So many bloggers write about the newest and greatest cookbooks and from visiting many sites, I know that many of you have large cookbook collections. I am actually encouraged to read that others have the same problem that I do when it comes to cookbooks- I have a hard time getting rid of them. Whether they were bought or ordered by me, given to me as a gift, or unloaded by a non-cooking friend trying to clear off their shelves, my house is like the Hotel California of cookbooks...no matter how or when they come in, " they can never leave. "(picture to right is one of 10 shelves of books I have!)
Now, why is it that we have a hard time getting rid of cookbooks, even the ones we do not use? I can understand hanging on to the spill-stained, dog-eared cookbooks that we used when first learning to cook, and the cookbooks that we use everyday, looking for inspiration, or the brand new cookbooks with the latest trends, or the ones with sentimental value because they were given as a gift, but what about the rest? The cookbooks bought on a whim, the ones your friend gave you when she moved because she didn't have enough room for her collection, the vintage cookbooks picked up at a tag sale or from your public library's book sale, why can't we just give them away? My theory is that to a dedicated "foodie" (I hate that word!), these cookbooks are like foster children. We have brought them into our family because they represent some connection, whether personal, culinary, or sentimental. We have them because they stirred something in us and they represent a promise, a potential... maybe I can be a bread-baker, or a pie-maker, or a sushi chef. I could cook for celebrities, or a mafioso (Sopranos Cookbook), a wedding, or a great cocktail party. Maybe one day I will have time to make my own croissants, or puff pastry, Beef Wellington, or homemade pasta.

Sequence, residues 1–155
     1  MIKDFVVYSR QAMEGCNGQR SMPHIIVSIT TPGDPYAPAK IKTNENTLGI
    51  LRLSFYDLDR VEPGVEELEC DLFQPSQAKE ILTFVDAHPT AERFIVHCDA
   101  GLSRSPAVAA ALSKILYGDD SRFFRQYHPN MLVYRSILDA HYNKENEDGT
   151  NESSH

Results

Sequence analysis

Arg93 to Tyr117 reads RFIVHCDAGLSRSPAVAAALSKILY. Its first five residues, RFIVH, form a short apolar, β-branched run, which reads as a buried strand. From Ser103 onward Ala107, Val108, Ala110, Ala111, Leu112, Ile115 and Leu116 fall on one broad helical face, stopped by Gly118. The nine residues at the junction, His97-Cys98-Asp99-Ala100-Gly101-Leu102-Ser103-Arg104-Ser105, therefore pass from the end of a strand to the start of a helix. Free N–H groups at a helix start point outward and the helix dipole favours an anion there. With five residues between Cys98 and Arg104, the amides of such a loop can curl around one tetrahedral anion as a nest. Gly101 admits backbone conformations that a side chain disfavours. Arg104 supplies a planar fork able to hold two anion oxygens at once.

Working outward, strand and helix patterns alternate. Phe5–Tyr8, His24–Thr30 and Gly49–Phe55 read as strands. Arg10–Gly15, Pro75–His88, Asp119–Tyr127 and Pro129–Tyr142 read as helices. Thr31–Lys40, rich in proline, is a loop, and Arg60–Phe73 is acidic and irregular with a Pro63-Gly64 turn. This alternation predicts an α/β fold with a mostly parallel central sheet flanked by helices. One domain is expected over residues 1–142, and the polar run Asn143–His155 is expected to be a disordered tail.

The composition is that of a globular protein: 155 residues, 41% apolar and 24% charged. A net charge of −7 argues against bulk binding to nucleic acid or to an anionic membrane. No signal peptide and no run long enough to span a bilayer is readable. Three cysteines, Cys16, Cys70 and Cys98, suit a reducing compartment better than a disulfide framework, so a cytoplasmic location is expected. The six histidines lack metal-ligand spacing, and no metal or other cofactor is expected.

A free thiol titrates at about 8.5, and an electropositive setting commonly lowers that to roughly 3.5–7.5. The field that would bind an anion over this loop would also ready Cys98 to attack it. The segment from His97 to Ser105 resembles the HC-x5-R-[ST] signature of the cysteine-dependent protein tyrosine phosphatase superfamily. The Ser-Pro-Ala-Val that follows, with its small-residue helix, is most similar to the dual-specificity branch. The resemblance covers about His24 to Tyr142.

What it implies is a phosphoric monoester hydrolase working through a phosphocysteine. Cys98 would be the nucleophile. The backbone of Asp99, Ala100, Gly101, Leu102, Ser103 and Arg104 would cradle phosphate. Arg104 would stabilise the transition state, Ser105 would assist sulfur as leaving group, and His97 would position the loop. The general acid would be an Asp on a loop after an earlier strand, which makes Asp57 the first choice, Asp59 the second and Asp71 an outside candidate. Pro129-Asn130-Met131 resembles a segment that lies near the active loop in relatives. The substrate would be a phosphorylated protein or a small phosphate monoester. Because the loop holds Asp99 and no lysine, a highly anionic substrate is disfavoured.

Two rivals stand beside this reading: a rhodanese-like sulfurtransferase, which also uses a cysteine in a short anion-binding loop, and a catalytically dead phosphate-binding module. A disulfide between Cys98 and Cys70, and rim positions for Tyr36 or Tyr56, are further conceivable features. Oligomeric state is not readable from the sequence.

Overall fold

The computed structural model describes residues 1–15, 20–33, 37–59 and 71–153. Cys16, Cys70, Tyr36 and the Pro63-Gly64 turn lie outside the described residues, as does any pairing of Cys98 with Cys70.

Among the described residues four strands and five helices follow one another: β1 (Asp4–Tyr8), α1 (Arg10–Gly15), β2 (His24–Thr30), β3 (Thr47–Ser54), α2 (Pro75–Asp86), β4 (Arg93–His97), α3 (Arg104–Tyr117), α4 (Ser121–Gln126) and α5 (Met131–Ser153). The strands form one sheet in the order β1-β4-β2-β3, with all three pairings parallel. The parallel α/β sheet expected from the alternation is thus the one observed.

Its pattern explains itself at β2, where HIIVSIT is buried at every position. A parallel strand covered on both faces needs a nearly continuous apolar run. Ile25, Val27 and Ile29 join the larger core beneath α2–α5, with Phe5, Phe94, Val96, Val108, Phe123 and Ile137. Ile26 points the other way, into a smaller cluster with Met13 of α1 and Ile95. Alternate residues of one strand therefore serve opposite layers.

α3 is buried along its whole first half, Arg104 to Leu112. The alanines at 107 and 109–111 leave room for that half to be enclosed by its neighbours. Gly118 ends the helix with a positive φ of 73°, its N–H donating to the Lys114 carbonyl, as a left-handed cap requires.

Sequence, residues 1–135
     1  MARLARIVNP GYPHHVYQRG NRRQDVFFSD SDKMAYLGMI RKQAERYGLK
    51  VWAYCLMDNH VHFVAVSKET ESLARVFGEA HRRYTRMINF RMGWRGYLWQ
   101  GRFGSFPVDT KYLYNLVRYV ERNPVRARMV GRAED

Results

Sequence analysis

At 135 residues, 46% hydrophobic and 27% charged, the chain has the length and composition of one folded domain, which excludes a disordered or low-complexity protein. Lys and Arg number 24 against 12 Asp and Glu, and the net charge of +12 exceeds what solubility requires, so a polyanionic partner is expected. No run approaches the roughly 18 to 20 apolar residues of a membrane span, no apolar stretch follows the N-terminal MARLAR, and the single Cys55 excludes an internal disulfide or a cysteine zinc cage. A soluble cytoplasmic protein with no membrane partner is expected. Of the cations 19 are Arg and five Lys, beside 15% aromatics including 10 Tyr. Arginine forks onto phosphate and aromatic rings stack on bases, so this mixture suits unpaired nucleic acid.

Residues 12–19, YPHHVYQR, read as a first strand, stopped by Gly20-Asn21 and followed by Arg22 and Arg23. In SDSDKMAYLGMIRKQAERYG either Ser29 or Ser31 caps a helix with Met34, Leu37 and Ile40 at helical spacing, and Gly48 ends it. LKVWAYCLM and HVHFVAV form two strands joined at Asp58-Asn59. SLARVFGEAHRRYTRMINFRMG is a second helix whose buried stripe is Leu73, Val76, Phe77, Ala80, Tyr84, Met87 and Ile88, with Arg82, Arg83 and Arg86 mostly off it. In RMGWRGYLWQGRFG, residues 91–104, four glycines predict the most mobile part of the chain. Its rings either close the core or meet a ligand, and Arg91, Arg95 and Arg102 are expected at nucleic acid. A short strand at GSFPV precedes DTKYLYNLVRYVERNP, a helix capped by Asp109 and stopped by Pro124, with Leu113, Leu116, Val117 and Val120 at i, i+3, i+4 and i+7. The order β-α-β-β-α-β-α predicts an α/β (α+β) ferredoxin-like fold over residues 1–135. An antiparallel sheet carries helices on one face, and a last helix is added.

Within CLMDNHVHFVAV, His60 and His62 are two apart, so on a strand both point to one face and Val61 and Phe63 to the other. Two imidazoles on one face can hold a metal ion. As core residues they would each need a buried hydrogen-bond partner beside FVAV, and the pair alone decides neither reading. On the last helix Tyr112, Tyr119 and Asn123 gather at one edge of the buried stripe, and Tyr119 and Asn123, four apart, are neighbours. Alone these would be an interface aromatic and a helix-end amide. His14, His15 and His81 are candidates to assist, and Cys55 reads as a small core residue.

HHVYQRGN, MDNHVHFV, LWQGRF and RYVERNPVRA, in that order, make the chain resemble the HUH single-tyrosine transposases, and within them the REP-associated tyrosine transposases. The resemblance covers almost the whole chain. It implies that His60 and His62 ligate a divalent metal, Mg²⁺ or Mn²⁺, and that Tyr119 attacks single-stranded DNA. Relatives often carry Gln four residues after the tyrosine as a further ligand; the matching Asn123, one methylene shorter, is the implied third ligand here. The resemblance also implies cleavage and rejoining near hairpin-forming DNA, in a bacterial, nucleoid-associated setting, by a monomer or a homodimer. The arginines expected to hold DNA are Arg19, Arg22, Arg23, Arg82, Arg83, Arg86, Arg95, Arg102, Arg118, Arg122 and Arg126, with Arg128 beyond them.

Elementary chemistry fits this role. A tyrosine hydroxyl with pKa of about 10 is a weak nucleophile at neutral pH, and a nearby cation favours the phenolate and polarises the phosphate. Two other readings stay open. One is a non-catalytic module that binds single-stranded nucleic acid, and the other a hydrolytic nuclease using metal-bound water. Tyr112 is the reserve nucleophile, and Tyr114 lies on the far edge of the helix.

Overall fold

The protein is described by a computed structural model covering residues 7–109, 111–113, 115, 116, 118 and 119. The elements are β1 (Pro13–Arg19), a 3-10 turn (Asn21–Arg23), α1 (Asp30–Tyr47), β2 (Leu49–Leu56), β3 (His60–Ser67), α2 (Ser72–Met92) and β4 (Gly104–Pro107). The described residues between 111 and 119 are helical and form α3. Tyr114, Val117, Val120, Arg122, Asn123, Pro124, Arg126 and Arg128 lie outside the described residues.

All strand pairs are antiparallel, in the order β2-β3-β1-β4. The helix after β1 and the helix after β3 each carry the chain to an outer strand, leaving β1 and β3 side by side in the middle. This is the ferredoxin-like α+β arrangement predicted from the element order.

So what do these ramblings about cookbooks have to do with this post? I decided that it was time for my foster children to get up and get a job! Once a month I will write about one of the cookbooks I have on my shelves and make a recipe from it for a post. These will not be the "hot" cookbooks that you see on the pages of Amazon and B&N, there are enough foodies who already do a great job of reviewing new and emerging cookbooks (and encouraging us to add to our cookbook famlies!) I am going to pull out the ones that still have their dust covers, the specialty cookbooks, the ones from chefs before they were celebrities. I want to see what the connection was that made be bring them home to begin with. If the spark is still there, I will keep it, but if not, the cookbook will be making room for.... well, lets face it, probably a new cookbook!
Adapted from A Treasury of Great Recipes by Mary and Vincent Price
This cookbook chronicles the international travels and dining experiences of Vincent Price(for you Generation X-ers, he was the narrator in Michael Jackson's Thriller video)and his wife Mary. From the Food Halls at Harods to The Four Seasons in New York to Thanksgiving at the Price's home, the cookbook is a tribute to fine food and enjoyment of food around the world. My in-laws gave me this book and it was the first gift I got from them, so besides being a great cookbook, it has a lot of sentimental value!
I make this recipe for a great breakfast dish, which is like a popover with sausage, and when my kids were little they loved the name! The original recipe calls for vienna sausages, but I use brown and serve sausage links, though any cooked link sausage would work. These are delicious with a pat of butter, and a light alternative to heavier breakfast foods! This recipe makes a dozen muffin-sized treats, but you could also do this as a casserole
12 cooked or brown and serve link sausages
nonstick spray with flour
1 scant cup of flour
1/4 tsp salt
1 cup milk
Preheat oven to 400 degrees. Sift flour into a bowl with salt. Stir in milk. In another bowl beat eggs until frothy, and then beat eggs into batter. Let batter stand about 30 minutes. Spray muffin tin with nonstick spray with flour (this will let them rise really high!) Place one sausage in each muffin cup (I sometimes slice them so that there is sausage in each bite!) and then pour batter over sausage and fill about 2/3 full. Bake for 10-15 minutes until batter is browned and puffy. Serve with butter and/or maple syrup. ("Toads" will fall after you take them from the oven, so don't panic!)